“Many Spanish immigrants disembarked in New York docks during the Nineteenth and Twentieth centuries. The largest Spanish enclave in New York was referred to as Little Spain. This colony extended from Christopher Street to 23rd Street, along the Hudson River, and included more than 15,000 Spaniards.”
—from La Nacional, the Spanish Benevolent Society
Expressions of Spanish culture can be found around Greenwich Village. One such example is the striking blue and white tiled blind arch on the side of the apartment house at 88 Perry Street. This building, on the southeast corner of Bleecker Street, was built between 1866 and 1868. The plumbing firm, Brien & Adams, built it to designs of the architect Robert Griffin Hatfield (1815–1878); the company built it as an investment property. Five stories in height, this apartment house was built of brick in the style of the time.
Manuel Jimenez bought 88 Perry Street on February 3rd 1970, nine months after NYC’s Landmarks Preservation Commission designated Greenwich Village a Historic District on April 29th 1969. He opened a Spanish antique shop in the ground floor store front; he called it El Rastro, for the market in Madrid. Señor Jimenez renovated the building, which included adding the blue and white tile mural within the blind archway on the building’s Perry Street façade.
These tiles are known as azulejo. “Azulejo” comes from the Arabic “al zulaycha,” meaning little polished stone; the term is used in Spain and Portugal to refer to terracotta tiles that have an opaque glaze. Walls, fountains, walkways, ceilings, baths, fireplaces and other surfaces in Spain and Portugal have been covered and decorated with azulejo extensively since the 13th century. Tile mosaics had their origins in the Middle East and North Africa; the Romans spread their use through Europe. And the Moors reinforced their use during their 700-year-long dominance of the Iberian Peninsula. A mosaic is created not by assembling small pieces of polished marble, known as tesserae, but with fragments of glazed colored tiles. Tile murals, such as the one at 88 Perry Street, are created by assembling whole tiles, each with a part of the picture on it, like a puzzle.
The tiles in the Perry Street arch were manufactured by Fábrica Mensaque Rodríguez y Cía, founded in 1917 by Enrique Mensaque Béjar, Manuel Rodríguez Alonso and Tadeo Soler Navarro. The company produced materials for religious and private clients; Antonio Hermosa, a ceramic artist, specialized in azulejos. The company went out of business in December of 2006.
The mural is executed in time-honored colors and motifs used to decorate ceramics throughout Spain, and in particular in Andalucia, in the southern part of the country. The Middle Eastern and North African influences were the strongest there. The tiles contrast brilliantly with the building’s painted red brick wall. The date “Año 1868,” is the year that Spain’s First Republic was proclaimed, and coincidentally that same year the 88 Perry Street was completed.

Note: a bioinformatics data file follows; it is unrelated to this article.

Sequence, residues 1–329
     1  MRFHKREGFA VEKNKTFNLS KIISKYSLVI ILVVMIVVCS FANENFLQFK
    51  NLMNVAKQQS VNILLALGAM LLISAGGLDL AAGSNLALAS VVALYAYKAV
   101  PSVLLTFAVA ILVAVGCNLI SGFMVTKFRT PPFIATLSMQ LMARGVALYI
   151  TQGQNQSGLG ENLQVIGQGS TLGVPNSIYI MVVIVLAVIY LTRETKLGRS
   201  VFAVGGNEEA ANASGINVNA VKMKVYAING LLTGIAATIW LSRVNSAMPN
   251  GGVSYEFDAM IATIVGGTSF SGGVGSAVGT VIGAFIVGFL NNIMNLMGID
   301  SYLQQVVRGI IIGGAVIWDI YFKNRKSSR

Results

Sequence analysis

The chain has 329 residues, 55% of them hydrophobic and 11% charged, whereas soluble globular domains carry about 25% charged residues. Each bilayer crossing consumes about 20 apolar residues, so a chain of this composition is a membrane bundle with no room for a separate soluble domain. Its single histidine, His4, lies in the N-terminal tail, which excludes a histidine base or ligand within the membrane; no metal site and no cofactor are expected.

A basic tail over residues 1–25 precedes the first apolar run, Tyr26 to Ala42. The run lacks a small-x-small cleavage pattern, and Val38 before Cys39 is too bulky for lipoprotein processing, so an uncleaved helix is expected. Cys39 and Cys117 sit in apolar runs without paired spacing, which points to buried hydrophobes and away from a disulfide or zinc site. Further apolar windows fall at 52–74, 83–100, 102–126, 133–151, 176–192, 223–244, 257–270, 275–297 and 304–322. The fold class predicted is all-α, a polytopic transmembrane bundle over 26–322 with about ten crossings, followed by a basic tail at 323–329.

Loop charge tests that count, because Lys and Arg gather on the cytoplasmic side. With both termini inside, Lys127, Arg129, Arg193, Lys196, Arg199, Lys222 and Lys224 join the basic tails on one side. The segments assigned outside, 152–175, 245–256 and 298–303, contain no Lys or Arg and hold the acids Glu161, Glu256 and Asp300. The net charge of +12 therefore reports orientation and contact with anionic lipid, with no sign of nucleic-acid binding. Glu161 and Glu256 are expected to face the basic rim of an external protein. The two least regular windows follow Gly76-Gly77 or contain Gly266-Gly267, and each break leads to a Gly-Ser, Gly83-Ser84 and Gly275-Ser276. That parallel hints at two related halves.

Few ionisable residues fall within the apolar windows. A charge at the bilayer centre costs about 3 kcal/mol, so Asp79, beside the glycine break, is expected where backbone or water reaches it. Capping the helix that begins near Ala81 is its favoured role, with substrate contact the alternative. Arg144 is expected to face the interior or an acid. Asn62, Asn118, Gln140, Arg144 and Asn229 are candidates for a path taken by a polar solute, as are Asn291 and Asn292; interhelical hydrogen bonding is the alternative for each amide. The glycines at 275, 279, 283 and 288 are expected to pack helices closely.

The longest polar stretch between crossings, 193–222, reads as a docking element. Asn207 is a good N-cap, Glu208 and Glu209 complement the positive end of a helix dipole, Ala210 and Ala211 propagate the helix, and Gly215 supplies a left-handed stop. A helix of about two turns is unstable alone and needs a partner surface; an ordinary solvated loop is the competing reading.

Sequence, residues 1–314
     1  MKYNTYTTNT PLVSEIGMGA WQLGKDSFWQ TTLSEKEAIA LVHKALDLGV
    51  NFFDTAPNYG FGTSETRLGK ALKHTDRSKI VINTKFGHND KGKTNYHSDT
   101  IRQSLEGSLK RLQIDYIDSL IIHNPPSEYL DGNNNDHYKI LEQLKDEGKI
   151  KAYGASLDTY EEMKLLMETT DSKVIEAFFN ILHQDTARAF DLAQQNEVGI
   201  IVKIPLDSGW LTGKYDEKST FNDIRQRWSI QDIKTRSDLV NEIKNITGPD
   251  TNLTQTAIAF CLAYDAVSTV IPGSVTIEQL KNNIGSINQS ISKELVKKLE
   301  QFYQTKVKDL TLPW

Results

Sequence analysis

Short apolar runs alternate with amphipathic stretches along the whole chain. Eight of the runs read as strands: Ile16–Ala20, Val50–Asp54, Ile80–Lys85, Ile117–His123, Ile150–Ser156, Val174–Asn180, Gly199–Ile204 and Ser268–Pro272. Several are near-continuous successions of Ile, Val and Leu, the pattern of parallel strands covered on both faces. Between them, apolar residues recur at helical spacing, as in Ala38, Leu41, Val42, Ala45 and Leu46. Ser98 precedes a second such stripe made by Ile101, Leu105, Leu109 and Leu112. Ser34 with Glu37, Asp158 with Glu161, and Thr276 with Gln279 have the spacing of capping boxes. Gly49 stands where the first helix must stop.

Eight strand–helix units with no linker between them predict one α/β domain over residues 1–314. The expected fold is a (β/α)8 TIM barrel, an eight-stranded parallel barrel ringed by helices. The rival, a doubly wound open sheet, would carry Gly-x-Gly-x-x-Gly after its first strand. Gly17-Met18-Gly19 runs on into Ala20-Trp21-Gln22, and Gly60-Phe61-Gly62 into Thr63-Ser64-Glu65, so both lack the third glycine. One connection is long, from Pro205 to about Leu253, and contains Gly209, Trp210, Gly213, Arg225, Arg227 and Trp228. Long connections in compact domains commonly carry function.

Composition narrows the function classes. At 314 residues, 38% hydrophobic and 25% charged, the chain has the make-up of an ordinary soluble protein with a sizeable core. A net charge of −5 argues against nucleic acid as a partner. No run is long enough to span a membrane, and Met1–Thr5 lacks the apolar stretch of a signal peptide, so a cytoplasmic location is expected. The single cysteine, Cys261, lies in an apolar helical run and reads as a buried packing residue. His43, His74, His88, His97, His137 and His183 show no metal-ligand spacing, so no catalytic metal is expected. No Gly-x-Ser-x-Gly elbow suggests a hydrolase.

The Spanish enclave in Manhattan’s Greenwich Village and Chelsea neighborhoods included restaurants such as Sevilla, still in operations, and La Bilbaina; clothing stores, such as La Iberia; and shops selling Spanish imported good, such as Casa Moneo. Little Spain also included one of the oldest Spanish parishes in New York, known as Our Lady of Guadalupe. In the 1970s and 1980s Little Spain began to disappear. By the 1990s an increase was seen in the number of Spanish-speaking parishioners at Our Lady of Guadalupe on West 14th Street near Eighth Avenue; but the new parishioners were from Mexico, not Spain. Another sign of Little Spain’s decline was seen in 2007, when Liberia Lectorum closed; the NY Daily News called it ‘the city’s oldest and largest Spanish-language bookstore.’
Although the mural is a beloved work of art and a local landmark, since 2009 the Landmarks Preservation Commission (LPC) of New York and the residents around 88 Perry Street have had an on-going dispute about removing the mural. The tenement building stands in a registered historic district. When the mosaic was commissioned and installed in 1972, approval was never asked for from the Commission. The Landmarks Commission wants the mural removed and the wall restored what it looked like in 1972. It is not easy to understand why the LPC is suddenly fussing about the artwork, and insisting that it be removed. It is a beautiful addition to the neighborhood, and deserves to be grandfathered into the area. The mural has become a meeting point for folks in the West Village. It is a happy reminder of Little Spain and the Spanish immigrants who were once a vibrant part of Greenwich Village. We say, let it stay!
There is a real mystery above the mural, the face of Bacchus, with the traditional grapes and grape leaves decorating his hair. It appears to have once been part of a fountain, the water flowing from the Roman god of wine and merrymaking’s mouth. If the tile mural goes, it would seem that Bacchus must be removed too. These whimsical touches give The Village its character. Leave them be!
The blue-and-white tiled arch is a featured attraction on our Greenwich Village Walking Tour. Get a feel for Old Spain and for Little Spain when you see this delightful sight. Take the Tour; Know More!